5 years, 352 days before
When I said it, I didn’t mean it. I just wanted to go home after another long day in the ICU. But then, I didn’t know it was really the end this time.
“Promise me something,” my mom said, her voice cracking, a whisper over the hum of machines that latched onto her body. Sometimes I thought those cords and tubes and electrodes were the only things holding her here. Without them, she’d slip away like a balloon string sliding from a child’s fingers.
I nodded, ignoring the pain in my wrist from grasping her hand over the railing. It was an old pain, a dull ache I’d gotten used to, just like the way my spine begged to be stretched and my lungs longed for air without the scent of rubbing alcohol and gauze. Waiting in a hospital for a few months will do that to a body, I guess — even the body of a ten-year-old.
Mom’s fingers were frail, and her skin seemed too big for the bones underneath. She smiled, pulling at the tape holding a tube into her nose. “Promise me, Shelby, that you’ll do three things. For always, from here on out.” She spoke like this a lot — like it was the end. It used to scare me, but after so many months I’d sort of gotten used to it.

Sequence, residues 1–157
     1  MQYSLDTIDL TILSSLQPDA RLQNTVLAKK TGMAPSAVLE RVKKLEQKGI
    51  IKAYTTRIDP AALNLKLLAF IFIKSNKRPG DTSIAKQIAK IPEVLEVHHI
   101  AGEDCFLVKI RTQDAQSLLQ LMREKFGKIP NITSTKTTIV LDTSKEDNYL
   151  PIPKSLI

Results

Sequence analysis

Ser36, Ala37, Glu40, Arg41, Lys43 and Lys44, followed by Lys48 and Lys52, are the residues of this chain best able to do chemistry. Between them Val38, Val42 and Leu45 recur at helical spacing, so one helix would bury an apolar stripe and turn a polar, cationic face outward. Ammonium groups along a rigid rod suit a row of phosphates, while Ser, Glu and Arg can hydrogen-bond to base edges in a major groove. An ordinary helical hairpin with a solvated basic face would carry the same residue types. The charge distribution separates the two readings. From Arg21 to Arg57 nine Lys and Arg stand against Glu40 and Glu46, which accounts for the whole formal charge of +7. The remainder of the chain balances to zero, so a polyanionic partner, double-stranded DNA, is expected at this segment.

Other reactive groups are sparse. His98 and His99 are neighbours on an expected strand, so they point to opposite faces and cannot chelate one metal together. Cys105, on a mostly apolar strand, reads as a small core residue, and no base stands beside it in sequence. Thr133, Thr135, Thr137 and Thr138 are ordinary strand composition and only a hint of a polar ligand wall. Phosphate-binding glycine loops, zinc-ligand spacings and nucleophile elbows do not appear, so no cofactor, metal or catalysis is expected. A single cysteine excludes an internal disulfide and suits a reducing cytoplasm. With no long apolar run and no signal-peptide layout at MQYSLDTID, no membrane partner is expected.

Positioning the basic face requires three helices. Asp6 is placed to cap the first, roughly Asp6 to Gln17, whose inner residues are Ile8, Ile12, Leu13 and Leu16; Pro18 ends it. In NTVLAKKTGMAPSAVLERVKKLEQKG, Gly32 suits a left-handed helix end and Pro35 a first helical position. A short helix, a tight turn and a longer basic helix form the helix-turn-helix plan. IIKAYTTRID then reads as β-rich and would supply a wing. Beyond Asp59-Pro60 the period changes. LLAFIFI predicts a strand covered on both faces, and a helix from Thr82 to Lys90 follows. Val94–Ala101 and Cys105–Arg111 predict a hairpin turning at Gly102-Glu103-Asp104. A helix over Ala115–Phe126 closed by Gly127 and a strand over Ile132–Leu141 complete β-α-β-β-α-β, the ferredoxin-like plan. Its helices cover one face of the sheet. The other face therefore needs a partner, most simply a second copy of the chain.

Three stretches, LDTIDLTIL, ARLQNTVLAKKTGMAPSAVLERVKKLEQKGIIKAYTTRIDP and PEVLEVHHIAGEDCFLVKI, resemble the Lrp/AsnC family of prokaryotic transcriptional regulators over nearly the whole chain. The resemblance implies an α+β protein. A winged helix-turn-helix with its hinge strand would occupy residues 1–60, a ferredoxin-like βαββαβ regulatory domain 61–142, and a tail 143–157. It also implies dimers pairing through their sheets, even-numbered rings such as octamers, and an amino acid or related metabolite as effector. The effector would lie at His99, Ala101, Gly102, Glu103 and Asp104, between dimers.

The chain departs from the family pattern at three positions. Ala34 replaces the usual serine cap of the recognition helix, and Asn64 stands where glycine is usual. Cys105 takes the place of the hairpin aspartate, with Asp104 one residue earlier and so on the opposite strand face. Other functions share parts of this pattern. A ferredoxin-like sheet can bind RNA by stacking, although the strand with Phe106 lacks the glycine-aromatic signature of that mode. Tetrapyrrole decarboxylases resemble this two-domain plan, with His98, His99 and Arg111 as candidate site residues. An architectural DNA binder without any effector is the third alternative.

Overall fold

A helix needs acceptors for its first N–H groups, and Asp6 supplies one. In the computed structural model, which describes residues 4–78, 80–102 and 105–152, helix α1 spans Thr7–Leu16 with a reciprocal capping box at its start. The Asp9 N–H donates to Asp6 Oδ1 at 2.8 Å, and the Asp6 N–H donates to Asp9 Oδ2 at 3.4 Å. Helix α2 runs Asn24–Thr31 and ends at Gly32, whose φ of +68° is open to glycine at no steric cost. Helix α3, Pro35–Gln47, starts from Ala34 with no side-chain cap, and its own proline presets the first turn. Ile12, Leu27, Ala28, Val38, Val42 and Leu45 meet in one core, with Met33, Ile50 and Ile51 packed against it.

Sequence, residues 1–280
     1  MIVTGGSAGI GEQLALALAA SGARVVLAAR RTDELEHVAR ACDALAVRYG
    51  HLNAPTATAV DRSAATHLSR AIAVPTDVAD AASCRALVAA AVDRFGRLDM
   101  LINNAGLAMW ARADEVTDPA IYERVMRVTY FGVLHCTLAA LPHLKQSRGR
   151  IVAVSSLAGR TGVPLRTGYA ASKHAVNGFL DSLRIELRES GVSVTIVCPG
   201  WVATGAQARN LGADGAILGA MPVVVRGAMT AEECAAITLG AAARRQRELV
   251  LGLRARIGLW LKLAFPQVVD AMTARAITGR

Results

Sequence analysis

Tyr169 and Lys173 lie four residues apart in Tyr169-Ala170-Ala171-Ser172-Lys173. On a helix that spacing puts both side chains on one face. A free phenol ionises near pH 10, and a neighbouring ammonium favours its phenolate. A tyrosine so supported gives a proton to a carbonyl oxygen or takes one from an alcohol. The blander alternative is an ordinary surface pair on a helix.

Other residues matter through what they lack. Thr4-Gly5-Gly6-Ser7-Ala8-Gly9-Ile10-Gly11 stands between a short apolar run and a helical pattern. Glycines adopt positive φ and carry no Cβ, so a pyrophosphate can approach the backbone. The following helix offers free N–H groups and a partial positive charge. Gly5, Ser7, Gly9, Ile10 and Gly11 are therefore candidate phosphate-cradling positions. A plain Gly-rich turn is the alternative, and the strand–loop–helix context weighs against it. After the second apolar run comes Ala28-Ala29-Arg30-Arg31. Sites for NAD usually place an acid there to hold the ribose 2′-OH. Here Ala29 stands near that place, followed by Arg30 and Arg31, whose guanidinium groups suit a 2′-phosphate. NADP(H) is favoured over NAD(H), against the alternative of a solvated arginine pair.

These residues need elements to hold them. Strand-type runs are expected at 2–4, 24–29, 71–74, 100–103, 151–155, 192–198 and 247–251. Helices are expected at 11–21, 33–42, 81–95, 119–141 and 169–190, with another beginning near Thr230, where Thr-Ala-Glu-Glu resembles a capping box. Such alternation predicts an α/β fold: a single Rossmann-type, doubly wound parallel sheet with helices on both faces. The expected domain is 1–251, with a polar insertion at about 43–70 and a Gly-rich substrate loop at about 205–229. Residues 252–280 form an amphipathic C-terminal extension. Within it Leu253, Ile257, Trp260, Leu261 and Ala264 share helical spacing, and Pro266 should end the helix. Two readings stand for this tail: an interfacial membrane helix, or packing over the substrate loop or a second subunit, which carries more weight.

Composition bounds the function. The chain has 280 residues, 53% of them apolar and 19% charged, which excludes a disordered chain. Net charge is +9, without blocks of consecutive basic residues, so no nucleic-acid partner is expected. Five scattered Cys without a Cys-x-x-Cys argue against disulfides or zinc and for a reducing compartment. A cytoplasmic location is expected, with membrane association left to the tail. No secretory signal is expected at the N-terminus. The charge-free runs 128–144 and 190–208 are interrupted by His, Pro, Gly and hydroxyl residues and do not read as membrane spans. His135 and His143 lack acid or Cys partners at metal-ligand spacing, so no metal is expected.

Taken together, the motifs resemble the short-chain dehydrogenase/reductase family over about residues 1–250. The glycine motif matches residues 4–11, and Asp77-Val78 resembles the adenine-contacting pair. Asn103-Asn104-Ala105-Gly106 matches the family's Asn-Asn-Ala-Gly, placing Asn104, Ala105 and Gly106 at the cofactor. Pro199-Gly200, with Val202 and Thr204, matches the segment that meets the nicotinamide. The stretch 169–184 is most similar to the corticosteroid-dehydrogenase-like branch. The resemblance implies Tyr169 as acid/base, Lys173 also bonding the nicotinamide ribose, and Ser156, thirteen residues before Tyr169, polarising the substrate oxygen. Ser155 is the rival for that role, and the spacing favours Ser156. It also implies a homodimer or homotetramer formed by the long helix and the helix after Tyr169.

I kissed her palm the way she used to kiss mine when she put me to bed. Back when I let her read me picture books long after I’d lost interest in them just because I could tell how happy it made her.
“Sure,” I said, ignoring my dad at the door. He was giving me the “five minutes” hand gesture in between intense whispers to a nurse.
My mom rubbed my palm with her thumb, then continued. “Three things. Listen to your father, Shel. Love and listen to him.” She paused, and remnants of a laugh laced her voice when she spoke again. “Poor thing doesn’t know what to do with a girl.” She reached up and ran a hand through the tips of my overgrown hair.
“Okay, Mom,” I sighed. “But if this is about that thing with the makeup, it’s not fair. Dad says I can’t wear any.” My mother shook her head. “I know. It’s not about that. Listen — second thing: Love as much as possible.”
I raised an eyebrow. My mom had always been a dreamer, but this was a little intense even for her.
“Okay, I will,” I said as my dad held up two fingers. “I have to go soon —”
“And last,” she cut me off, her lips trembling a little, like she’d cry if she had the energy, “live without restraint. Do you understand what I mean?”
Not really — I had no clue what she was talking about. One minute left. I stood, leaning over to hug her — she wasn’t much bigger than me, and my arms felt strong around her body. “Sure.”
“I mean it, Shelby. Promise me,” she said as she hugged me back, her voice growing louder than it’d been all summer, desperation on every syllable.
“Okay, Mom,” I said, sincere. “I promise. All three things. I’ll do them.”
My mom relaxed. The nurse walked in to inject her IV with a clear fluid. I unwound my arms from Mom’s body and waved good-bye as my dad took my place by her bed to bid his own farewell. Two tiny tears dripped down Mom’s cheeks; the nurse wiped them away without hesitation.
When I said it, I didn’t mean it. I didn’t know it was really the end. And now . . . how could I possibly break a promisemade to a dying woman?